67% of people in the world are ready for anti-COVID vaccination, while in Serbia, 49% of citizens would receive the vaccine if it is publicly available and if it is considered safe and effective, show the results of a Gallup survey conducted in 40 countries late last year.
According to the press release, 39 percent of the survey respondents in Serbia would refuse the vaccine, while 12 percent were undecided. The results of the study, in which more than 38,000 respondents around the world participated, show that around 25 percent of people in the world would refuse the opportunity for vaccination, and less than 10 percent are hesitant on that issue.
The anti-COVID vaccine, and vaccines in general, usually enjoy the trust of the people worldwide and survey results show that 67 percent of people would agree to being vaccinated. However, in some countries, hesitation towards vaccination is greater than the readiness to receive it, even though vaccines are generally considered safe and effective.
The survey also showed that there is a need for more explanations from medical experts and public institutions in order to convince people of the safety of the vaccine.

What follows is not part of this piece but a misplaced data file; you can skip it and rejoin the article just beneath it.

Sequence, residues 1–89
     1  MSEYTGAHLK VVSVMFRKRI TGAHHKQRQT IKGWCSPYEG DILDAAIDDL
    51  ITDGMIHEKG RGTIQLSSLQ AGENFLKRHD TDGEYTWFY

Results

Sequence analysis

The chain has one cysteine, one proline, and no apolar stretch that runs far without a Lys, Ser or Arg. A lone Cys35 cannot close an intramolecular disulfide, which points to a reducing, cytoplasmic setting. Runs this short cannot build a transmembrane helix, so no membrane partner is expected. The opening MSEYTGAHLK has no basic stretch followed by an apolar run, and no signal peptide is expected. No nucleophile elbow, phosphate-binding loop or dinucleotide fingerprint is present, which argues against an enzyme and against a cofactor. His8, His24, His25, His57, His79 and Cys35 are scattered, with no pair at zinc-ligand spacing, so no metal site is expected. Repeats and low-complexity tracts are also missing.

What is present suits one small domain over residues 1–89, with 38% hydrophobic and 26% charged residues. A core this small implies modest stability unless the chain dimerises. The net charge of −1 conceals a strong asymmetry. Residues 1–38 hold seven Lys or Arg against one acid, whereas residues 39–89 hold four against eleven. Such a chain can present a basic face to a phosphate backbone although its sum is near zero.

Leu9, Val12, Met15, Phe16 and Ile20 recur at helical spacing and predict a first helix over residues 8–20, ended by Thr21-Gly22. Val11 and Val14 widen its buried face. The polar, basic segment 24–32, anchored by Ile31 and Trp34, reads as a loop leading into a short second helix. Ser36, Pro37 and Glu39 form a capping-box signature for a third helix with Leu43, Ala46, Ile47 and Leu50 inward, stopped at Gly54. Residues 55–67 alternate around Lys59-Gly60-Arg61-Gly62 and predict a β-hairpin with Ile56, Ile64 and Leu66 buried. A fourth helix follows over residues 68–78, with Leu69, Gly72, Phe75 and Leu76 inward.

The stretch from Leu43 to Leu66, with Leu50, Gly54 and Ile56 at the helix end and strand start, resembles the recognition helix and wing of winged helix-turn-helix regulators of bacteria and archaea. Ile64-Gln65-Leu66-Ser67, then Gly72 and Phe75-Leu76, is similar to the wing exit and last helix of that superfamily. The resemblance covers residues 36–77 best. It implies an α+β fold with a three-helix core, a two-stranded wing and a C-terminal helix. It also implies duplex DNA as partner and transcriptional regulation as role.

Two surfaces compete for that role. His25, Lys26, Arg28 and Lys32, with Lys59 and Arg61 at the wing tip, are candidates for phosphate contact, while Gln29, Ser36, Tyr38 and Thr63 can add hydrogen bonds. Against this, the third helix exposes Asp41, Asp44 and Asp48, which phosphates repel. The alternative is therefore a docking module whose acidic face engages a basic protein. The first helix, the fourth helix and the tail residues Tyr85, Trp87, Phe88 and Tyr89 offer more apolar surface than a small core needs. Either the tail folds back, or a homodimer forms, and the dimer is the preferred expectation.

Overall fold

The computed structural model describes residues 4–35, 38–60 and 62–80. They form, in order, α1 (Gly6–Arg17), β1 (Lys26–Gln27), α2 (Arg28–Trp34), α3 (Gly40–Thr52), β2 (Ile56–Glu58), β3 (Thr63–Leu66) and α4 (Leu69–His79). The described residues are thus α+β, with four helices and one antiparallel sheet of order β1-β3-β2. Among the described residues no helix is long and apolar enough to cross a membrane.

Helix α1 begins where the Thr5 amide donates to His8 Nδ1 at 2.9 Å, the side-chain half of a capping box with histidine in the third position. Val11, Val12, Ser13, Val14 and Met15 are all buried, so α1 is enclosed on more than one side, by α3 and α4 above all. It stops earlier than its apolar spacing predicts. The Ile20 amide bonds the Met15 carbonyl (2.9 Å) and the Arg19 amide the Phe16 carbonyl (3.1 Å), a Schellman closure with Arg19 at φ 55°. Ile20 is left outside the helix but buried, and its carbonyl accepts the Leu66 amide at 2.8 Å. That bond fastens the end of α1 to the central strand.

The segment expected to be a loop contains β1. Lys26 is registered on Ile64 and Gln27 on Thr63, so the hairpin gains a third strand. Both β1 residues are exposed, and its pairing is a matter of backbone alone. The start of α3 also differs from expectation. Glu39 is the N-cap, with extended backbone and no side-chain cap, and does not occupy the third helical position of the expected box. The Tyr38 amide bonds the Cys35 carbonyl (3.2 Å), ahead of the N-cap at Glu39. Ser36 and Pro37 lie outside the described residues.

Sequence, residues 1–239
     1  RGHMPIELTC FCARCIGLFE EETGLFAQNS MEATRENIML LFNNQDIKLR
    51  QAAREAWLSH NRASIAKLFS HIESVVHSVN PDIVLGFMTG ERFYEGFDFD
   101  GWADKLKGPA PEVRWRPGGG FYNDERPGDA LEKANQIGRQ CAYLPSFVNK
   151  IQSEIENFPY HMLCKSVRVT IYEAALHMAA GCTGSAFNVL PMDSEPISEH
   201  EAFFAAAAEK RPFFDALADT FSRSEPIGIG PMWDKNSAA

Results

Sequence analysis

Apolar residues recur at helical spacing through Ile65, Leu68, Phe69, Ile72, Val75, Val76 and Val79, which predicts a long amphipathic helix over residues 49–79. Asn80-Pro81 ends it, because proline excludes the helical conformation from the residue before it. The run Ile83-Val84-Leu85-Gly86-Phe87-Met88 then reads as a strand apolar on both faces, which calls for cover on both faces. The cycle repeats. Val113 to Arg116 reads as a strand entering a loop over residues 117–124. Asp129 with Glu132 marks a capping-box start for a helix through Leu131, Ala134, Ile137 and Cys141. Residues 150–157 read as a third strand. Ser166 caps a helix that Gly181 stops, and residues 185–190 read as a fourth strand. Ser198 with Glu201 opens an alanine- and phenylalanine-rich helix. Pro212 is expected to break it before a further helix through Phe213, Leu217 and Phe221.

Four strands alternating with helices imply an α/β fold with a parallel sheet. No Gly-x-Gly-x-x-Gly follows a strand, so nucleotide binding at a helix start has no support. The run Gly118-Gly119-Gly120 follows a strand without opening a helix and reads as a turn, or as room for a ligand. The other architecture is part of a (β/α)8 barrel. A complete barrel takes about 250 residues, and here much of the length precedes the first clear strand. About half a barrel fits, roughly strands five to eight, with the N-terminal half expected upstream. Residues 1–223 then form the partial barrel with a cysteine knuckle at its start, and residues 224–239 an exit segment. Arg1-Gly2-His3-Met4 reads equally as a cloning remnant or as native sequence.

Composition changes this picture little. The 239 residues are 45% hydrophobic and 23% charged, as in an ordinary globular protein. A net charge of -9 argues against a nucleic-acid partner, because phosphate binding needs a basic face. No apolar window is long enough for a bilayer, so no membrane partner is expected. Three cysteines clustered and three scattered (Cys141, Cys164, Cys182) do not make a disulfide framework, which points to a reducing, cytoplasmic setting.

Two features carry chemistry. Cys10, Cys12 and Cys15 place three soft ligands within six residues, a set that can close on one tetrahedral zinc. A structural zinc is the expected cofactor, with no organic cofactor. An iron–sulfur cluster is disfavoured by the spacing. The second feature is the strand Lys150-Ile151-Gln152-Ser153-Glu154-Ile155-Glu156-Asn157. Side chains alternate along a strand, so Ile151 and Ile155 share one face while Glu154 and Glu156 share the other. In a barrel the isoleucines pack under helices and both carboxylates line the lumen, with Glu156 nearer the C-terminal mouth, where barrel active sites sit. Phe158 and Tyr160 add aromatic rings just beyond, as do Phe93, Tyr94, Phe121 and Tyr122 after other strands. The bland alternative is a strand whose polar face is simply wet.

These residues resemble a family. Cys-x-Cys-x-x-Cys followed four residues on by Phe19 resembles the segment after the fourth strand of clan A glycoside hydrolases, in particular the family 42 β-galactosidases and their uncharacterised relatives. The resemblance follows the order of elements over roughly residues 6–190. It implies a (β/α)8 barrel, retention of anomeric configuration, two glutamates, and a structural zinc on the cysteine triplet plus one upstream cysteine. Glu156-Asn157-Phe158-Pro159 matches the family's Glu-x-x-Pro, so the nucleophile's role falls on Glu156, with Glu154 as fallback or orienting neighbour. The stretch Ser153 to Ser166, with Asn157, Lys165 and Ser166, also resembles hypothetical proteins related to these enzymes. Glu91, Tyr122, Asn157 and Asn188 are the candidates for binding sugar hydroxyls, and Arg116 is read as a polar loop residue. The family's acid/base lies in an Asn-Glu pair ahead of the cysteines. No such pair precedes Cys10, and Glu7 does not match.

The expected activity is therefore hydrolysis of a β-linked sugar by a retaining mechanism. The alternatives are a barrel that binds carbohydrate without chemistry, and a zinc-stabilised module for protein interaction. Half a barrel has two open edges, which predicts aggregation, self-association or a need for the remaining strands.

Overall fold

Nearly three out of four respondents, 67 percent of them worldwide, have expressed a willingness to sacrifice certain human rights if it helps prevent the spread of the disease, while every fourth has the opposite opinion. The results are similar in Serbia, where 67 percent respondents would sacrifice their rights in this case, while 29% are not ready for that.
There is, however, a clear trend of declining willingness to sacrifice human rights, as people around the world have overcome the initial shock of a new disease. In the first global polls in the spring of 2020, the willingness to renounce human rights went up to 80 percent worldwide.
This post is also available in: Italiano